How to Carry a Golf Bag – One Strap or Two, Save Your Back!

Carrying your golf bag and walking a full round can really be a great way to have a good time and also a great way to get exercise.

The only problem is that you can actually do more harm than good if you are not doing it properly. It goes overlooked a lot, but the way you carry your golf bag can be detrimental to your health.

But do not worry, this topic is usually not spoken about enough and it is very overlooked by even some experienced golfers out there.  Luckily for you, you are in the right place so you can avoid some of. The problems below!

Why Should You Care How You Carry Your Golf Bag?

Not carrying your bag right can hinder you in several ways.

The biggest reason to carry your bag correctly is to avoid problems with your back.  There really are not much worse things that you can have is chronic back pain.  Not carrying your golf bag right is exactly what this is going to lead to!

Another reason to point out is that incorrect actions with carrying your golf bag can lead to exhaustion during your round.  Even though golf does not require much physical exertion, there is nothing worse than being sore while swinging the club.

That is why carrying your bag is important and should be something that all golfers learn how to do. Let me go into further detail on the technique and tips to correctly do this.

How to Carry a Golf Bag With One Strap?


The first tip would be to make sure that your bag is loaded properly.  If your bag is lopsided with weight, then you could definitely mess up your posture and back.  That means that you should have your items evenly dispersed throughout the whole bag to avoid problems.

Also, you should have your clubs arranged in a way that will evenly disperse and make the bag evenly weighted.  It is always overlooked, but even a small uneven weight can cause problems over time.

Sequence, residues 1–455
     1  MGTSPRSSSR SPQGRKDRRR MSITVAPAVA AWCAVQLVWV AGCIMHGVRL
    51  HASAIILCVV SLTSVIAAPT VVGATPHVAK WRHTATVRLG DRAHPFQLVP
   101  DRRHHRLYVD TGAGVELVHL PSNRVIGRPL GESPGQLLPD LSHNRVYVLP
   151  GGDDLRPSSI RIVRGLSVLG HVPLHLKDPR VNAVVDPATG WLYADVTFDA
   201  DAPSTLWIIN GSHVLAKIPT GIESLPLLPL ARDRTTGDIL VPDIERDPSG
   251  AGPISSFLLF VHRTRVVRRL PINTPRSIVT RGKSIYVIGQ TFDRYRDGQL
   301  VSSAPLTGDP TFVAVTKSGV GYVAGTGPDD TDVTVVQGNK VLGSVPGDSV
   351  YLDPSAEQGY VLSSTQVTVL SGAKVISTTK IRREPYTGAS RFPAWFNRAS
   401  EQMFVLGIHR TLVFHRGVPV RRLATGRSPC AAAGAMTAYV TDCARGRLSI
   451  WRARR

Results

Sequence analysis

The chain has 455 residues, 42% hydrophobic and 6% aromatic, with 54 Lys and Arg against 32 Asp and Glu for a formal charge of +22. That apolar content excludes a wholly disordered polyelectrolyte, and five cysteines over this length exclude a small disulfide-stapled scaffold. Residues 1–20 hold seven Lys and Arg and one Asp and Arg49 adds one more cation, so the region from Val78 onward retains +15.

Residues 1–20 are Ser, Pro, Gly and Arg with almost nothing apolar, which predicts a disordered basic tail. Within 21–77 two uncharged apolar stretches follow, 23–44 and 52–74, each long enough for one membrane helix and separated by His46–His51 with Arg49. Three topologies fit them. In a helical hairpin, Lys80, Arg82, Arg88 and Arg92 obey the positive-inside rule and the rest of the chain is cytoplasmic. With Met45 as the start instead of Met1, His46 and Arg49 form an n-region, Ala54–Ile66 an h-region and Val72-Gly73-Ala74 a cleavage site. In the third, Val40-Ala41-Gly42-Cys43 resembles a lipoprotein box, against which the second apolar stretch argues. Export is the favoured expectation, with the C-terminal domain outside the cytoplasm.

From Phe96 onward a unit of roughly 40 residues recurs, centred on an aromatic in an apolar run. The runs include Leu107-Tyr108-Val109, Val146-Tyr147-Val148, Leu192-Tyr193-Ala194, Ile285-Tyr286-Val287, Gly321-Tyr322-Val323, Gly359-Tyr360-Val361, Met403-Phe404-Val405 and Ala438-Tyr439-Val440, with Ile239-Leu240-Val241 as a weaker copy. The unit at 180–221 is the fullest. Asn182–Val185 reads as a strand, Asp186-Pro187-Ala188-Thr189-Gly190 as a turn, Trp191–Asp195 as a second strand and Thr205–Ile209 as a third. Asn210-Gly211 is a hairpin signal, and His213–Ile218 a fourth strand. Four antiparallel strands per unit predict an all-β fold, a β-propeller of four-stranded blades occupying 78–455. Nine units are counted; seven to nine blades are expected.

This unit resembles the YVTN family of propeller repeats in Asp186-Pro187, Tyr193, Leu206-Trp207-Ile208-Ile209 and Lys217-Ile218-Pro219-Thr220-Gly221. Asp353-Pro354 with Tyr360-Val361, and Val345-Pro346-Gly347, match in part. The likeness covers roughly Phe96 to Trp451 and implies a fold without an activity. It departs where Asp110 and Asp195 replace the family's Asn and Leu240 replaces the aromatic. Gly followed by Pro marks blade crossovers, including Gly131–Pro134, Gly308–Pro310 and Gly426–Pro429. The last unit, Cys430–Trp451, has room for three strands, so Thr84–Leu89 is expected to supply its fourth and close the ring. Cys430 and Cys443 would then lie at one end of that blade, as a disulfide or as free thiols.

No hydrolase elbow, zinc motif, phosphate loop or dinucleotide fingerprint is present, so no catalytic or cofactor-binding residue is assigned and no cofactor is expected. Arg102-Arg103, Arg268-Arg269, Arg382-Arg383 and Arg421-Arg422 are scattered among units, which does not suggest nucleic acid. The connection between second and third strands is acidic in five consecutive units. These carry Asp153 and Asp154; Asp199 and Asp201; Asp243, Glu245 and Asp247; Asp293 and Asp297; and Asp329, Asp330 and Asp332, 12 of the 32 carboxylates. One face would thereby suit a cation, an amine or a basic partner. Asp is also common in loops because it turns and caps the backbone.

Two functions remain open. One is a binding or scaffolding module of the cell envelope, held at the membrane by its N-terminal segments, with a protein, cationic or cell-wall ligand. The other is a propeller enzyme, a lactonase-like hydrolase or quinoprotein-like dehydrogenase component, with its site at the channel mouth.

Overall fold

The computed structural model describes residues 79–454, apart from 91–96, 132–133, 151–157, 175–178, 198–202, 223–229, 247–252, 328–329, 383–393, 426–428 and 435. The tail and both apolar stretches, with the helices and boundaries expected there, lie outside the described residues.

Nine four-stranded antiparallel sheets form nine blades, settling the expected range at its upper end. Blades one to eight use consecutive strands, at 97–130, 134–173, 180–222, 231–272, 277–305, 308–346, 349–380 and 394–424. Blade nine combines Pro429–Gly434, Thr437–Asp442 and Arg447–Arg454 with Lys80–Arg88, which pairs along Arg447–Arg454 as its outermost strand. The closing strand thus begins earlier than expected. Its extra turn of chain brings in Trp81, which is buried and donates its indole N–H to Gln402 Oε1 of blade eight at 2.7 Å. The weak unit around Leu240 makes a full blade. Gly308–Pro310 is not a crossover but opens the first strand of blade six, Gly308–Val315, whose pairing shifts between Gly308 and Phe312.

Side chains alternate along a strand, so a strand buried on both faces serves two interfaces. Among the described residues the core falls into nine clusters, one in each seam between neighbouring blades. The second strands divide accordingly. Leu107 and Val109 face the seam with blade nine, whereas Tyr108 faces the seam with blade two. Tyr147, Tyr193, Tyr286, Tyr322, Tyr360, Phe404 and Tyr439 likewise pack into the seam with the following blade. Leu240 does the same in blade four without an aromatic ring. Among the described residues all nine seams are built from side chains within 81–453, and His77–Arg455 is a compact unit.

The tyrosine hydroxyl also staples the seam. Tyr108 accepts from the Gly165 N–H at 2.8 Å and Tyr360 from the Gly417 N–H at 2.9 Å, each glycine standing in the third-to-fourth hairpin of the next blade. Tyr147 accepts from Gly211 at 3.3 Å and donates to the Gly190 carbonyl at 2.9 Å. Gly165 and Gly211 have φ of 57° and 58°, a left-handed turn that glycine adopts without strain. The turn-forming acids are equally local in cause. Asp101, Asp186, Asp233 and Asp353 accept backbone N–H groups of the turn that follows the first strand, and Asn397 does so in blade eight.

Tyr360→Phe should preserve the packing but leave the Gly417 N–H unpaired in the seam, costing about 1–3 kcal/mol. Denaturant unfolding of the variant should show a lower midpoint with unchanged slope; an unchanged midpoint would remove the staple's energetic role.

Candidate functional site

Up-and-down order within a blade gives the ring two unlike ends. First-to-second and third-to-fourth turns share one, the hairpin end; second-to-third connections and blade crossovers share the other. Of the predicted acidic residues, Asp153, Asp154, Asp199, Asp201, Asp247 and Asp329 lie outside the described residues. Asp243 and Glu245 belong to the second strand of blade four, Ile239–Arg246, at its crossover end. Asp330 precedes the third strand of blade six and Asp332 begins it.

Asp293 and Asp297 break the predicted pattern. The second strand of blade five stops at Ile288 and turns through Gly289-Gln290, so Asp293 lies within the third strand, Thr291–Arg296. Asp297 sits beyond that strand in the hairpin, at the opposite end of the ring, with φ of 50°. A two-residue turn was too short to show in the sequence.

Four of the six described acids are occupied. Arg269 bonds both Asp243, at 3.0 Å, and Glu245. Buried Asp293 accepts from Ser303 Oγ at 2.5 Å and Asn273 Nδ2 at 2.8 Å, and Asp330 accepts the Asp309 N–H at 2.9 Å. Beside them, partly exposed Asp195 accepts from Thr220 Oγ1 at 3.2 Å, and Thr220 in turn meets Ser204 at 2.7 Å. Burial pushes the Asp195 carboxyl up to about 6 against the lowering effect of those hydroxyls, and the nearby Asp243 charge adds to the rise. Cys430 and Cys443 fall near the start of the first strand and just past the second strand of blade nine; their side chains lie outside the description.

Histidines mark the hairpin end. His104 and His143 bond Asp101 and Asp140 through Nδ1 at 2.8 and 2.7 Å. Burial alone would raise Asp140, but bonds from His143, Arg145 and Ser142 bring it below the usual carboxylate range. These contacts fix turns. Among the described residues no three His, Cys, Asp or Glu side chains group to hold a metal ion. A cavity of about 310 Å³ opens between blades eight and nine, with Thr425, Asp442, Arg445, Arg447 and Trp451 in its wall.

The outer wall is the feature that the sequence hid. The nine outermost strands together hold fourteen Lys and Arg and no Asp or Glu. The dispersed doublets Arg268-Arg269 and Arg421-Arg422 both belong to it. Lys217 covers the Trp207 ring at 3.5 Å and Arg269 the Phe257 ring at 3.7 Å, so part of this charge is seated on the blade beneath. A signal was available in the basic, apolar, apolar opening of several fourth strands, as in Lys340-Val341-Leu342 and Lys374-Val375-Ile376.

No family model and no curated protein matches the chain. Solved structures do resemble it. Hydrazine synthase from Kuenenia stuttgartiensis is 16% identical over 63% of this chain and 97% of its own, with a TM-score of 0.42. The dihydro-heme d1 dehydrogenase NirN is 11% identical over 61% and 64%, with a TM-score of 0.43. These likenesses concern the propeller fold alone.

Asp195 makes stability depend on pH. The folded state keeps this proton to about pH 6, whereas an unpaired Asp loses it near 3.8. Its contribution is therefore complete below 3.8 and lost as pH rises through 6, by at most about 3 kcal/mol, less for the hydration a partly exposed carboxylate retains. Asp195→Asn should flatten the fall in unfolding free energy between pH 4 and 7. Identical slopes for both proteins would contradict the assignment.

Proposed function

To carry a golf bag with one strap, you should use your dominant shoulder because it will most likely have much more stamina.  When you start to feel tired on one side, then you could switch shoulders to give your main side a break.

Another tip is to go ahead and try to adjust your strap for the best results.  When your bag comes out of the store, it is not likely to be in the perfect spot.

It is important to adjust it and try to make it as comfortable as possible.

How to Carry a Golf Bag With Two Straps?


The important thing to remember when it comes to a golf bag with two straps is to do the same initial steps as above.

Make sure that the weight is evenly laid out in your bag.  With a stand bag with two straps, a weight problem will be even more detrimental to your back and posture while out on the golf course.

Also, try to get a feel for the bag before you get on the course.  Sometimes the bag will come in a certain strap length that might be uncomfortable for you.  Be sure to adjust it before you need to go to a chiropractor for a bad back.

The most common way to know if your straps are a good length is that your bag should be higher up on your back when you have both straps on.  Too many golfers have too much slack with their bag straps and that is awful for your posture.

When you break them down, the rules are generally the same with a one strap bag and a two-strap golf bag.

But, the biggest tip that I have for both is below and it is vital that you use it.

Carry Your Golf Bag With Your Legs!

The number 1 mistake that golfers make when carry their clubs is having awful posture and not lifting with their legs.  The correct posture is to be standing tall with your chest out and shoulders rolled back.

But, the wrong and more common way that I see on the golf course is people slouched over with their shoulders rolled forward.  It can really take a toll on your joints and spine if you are doing this incorrectly.

I mean that is like putting your body in an awkward position for two to four hours.  I think you can see where this is so detrimental to your health and is awful.

Learn to “lift with your legs” or else you will have a lot of problems down the road, especially if you’re carrying a heavy bag. The simple solution is to go for a lightweight golf bag that will ease the strain over many rounds.

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Nick is the founder of GolfSpan and an avid golfer. He's not quite a pro but has over 15 years of experience playing and coaching golfers worldwide. His mission is to bring the golfing community a better experience when it comes to choosing the right golf gear and finding the right setup for your game.

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